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The Making of the American Capital

by Fergus M. Bordewich

Hardcover, 367 pages, Harpercollins, List Price: $27.95 |


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The Making of the American Capital
Fergus M. Bordewich

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Book Summary

From the acclaimed author of "Bound for Canaan" comes a major work of American history on the astonishing compromises and alliances involved in making Washington, D.C., the capital of the new nation..

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Note: Book excerpts are provided by the publisher and may contain language some find offensive.

Excerpt: Washington


The Making of the American Capital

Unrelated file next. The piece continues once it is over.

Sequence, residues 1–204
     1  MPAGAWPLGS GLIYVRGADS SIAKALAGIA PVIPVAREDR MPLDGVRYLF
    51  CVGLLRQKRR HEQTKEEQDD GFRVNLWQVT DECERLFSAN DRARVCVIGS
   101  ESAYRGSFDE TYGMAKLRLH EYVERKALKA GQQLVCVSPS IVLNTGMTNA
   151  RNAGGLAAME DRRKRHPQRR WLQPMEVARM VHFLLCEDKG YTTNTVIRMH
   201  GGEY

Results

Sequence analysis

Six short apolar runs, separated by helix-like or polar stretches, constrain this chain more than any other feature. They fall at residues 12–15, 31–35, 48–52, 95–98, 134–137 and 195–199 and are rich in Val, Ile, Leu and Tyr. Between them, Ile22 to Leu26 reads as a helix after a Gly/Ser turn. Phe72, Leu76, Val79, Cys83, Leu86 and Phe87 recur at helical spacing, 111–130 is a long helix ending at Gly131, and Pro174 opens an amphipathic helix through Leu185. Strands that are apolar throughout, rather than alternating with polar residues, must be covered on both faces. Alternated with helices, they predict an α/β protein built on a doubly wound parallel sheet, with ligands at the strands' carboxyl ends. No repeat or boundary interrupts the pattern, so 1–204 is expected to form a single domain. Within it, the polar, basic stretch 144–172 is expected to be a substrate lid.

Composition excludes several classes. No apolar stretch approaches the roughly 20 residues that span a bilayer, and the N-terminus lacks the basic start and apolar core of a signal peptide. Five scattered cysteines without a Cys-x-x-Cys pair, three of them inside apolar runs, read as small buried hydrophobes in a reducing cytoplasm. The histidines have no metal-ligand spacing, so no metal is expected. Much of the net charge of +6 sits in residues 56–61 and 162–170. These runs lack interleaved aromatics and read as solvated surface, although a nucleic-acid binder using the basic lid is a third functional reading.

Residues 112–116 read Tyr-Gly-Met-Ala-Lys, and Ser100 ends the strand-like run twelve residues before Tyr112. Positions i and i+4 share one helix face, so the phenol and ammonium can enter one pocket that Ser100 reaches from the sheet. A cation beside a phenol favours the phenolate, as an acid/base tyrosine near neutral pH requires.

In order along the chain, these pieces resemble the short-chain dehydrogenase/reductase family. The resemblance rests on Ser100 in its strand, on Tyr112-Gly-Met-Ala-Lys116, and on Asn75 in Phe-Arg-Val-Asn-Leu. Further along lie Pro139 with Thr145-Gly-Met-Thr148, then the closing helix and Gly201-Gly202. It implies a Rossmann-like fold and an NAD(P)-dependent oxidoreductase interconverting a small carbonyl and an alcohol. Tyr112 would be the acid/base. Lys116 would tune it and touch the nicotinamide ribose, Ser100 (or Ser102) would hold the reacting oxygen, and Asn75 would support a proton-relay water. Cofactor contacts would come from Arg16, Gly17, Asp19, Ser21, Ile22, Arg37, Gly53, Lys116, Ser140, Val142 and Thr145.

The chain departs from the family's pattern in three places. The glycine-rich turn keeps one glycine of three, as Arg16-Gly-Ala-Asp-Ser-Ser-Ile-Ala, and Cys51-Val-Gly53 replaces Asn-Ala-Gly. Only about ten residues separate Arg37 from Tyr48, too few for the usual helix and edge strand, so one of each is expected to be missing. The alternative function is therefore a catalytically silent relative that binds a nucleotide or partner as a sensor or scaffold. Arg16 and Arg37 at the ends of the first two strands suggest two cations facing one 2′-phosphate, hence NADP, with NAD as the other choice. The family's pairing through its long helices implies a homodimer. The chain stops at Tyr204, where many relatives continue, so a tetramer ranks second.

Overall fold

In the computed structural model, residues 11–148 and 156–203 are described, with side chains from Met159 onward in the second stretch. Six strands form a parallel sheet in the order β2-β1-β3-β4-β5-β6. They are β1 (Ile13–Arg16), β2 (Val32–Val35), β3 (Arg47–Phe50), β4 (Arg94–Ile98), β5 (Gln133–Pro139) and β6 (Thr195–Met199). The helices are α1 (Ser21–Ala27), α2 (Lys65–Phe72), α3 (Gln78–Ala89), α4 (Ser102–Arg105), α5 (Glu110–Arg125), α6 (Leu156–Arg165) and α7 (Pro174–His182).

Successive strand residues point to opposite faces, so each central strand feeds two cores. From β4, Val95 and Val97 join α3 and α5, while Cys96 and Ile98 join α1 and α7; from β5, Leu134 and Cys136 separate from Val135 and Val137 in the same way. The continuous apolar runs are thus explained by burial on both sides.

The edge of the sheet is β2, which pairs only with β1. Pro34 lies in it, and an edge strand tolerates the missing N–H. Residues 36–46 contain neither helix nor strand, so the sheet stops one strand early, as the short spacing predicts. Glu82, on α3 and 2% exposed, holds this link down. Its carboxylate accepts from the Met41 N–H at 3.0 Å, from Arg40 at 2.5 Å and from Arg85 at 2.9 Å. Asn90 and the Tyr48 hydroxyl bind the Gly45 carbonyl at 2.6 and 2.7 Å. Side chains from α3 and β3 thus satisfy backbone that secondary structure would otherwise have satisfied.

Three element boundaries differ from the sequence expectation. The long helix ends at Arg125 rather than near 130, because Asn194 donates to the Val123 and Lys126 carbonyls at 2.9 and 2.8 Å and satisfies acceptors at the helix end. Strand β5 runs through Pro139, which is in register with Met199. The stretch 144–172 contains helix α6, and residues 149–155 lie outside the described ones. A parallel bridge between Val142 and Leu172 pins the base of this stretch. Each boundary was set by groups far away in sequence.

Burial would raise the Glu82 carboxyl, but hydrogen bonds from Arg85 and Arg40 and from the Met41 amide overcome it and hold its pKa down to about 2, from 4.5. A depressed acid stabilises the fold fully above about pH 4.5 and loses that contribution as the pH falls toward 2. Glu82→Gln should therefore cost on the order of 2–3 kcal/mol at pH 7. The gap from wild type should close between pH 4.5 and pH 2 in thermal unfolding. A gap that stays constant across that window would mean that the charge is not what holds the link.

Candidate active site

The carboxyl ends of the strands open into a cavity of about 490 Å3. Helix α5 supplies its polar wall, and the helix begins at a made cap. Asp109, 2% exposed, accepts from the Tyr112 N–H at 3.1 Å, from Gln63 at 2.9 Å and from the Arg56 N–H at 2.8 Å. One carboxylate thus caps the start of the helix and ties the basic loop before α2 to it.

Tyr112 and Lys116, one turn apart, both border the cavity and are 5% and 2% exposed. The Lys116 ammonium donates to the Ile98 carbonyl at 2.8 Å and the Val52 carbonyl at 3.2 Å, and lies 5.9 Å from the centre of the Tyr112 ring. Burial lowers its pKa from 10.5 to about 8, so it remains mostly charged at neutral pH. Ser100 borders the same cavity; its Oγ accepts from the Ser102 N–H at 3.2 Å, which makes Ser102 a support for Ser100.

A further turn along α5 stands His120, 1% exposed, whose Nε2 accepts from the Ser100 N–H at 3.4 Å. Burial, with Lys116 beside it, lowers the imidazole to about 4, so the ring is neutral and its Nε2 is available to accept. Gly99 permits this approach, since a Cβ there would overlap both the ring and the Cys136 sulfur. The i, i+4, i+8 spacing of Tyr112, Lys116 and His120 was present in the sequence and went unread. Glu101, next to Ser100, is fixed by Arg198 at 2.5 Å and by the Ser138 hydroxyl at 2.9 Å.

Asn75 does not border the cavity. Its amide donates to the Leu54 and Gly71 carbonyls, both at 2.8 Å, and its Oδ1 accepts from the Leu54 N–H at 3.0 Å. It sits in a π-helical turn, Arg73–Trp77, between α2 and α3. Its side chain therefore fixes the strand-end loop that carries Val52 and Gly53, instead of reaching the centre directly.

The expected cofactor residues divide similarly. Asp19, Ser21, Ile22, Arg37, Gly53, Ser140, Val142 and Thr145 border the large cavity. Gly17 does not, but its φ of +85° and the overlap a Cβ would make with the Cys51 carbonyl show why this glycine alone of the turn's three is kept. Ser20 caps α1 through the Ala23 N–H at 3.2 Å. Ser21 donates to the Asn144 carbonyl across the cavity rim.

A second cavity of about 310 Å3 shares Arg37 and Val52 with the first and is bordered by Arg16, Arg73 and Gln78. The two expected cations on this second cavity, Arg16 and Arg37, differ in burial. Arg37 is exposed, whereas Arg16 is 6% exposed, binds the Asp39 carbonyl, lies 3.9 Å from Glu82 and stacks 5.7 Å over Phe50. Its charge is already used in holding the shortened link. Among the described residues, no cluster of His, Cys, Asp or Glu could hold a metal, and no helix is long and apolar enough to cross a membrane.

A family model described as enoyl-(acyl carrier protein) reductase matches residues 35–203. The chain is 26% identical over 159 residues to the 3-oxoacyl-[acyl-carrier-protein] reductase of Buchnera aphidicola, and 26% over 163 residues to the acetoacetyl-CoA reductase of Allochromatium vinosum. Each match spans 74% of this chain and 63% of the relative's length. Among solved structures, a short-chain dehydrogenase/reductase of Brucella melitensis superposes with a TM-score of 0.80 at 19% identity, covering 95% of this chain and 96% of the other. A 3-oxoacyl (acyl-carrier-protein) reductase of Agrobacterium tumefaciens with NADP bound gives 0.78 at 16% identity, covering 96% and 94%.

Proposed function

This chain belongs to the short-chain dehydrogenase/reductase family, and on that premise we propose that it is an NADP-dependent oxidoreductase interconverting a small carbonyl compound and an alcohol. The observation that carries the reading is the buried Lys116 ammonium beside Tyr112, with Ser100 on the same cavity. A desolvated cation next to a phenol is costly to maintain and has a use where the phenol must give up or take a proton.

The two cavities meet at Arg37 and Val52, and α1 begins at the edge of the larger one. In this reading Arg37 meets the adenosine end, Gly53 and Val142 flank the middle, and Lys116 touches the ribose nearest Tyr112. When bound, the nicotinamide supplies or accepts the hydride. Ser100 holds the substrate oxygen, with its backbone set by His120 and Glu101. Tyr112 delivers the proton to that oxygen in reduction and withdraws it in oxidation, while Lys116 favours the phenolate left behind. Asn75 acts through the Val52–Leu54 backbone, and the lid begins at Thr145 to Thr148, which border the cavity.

HarperCollins Publishers, Inc.

Copyright © 2008 Fergus Bordewich
All right reserved.

ISBN: 9780060842383

Chapter One

The New Machine of Government

"The climate of the Patowmack is not only unhealthy, but destructive to northern constitutions. Vast numbers of eastern adventurers have gone to the Southern states, and all have found their graves there."
—Theodore Sedgwick of Massachusetts

Federal Hall, home to the newly minted United States Congress, was inseparable from its designer, the picturesque Major Peter Charles L'Enfant, late of the Continental Army, architect extraordinaire, émigré, and a figure almost as recognizable to New York's elite as President Washington himself. For months, his tall, fastidious figure had prowled around the old city hall on Wall Street, examining its eighty-year-old brickwork, muttering to himself in French, or his syntactically challenged English, imagining—where others saw merely a tired old workhorse of a building—a blank canvas upon which to paint an architectural epic.